When the deal was outlined to the governing board, water managers trumpeted the dawn of a "new day" and a "new generation of leadership in Dade County." Stating that the county had taken "a very proactive position" vis-a-vis environmental agencies, Teele credited Dade's single-member districts with bringing about "perhaps a totally new way of looking at things, hopefully with more sensitivity not only to our citizens and taxpayers but also to our environment." The Dade County Commission chairman specifically cited the importance of the Summit of the Americas, scheduled for December, as a major incentive to reach an agreement with state water managers. Fifty percent of the construction on Concourse A is scheduled for completion by the time of the conference; Teele says the new terminal will be inaugurated by the arriving dignitaries and their entourages.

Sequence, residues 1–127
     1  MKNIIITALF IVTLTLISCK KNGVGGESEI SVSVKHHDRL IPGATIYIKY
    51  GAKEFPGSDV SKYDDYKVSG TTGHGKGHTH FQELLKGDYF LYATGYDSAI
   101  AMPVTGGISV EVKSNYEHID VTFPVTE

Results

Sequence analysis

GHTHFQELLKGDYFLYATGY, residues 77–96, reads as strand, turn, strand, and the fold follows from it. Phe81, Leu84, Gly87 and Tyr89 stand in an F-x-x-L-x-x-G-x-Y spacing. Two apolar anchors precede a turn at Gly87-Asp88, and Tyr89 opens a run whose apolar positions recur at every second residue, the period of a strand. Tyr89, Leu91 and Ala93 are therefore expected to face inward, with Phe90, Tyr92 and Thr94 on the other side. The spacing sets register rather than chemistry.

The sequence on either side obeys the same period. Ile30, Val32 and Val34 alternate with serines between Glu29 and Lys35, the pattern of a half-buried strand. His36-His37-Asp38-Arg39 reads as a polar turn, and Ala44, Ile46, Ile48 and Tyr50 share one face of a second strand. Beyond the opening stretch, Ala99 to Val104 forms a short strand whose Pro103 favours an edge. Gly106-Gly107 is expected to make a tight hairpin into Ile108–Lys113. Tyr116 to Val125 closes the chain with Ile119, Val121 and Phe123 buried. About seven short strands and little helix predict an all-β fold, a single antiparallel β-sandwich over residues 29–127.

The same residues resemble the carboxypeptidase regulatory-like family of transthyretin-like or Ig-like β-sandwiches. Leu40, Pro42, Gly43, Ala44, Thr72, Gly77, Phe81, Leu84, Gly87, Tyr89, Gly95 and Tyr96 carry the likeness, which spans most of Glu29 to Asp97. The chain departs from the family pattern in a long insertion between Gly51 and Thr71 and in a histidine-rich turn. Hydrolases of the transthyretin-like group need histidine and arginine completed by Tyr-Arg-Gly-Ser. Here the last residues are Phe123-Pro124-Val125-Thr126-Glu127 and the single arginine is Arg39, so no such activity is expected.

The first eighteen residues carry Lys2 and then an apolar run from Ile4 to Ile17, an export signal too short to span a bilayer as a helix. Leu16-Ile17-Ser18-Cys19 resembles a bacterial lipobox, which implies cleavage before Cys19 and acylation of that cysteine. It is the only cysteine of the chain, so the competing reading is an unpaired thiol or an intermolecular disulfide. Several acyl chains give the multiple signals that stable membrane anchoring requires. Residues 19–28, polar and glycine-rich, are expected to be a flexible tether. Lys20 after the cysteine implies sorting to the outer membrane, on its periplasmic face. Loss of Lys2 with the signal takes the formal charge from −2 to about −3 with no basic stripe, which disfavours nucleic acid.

Another motivating factor went unspoken: money. According to airport spokesman Chris Mangos, the Aviation Department expects to begin paying contractors compensation as a result of construction delays caused by the permit denial. Further delays of those projects, Mangos explains, would undoubtedly create a "domino effect," which would impede other construction projects around the airport.
Motivation notwithstanding, Teele's "proactive" boast to the governing board is a little misleading. Dade's commitment to an omnibus cleanup program at the airport was prompted by intense state and federal scrutiny. Likewise, state enforcement and a federal lawsuit forced the county to confront the realities of its aging sewer system.
Some environmental regulators, in fact, remain wary about Dade's newfound concern for South Florida's environment. "I want to feel good about the county's commitments because clearly these commitments will protect the county's water supplies and Biscayne Bay," comments one state water manager who requested anonymity. "I'm left, however, with a nagging question: Is this a unique outcome driven by the prospect of lost economic opportunity to the county, or is the county seriously committed to protecting public health and the environment as a cost associated with economic development? I want to believe the latter.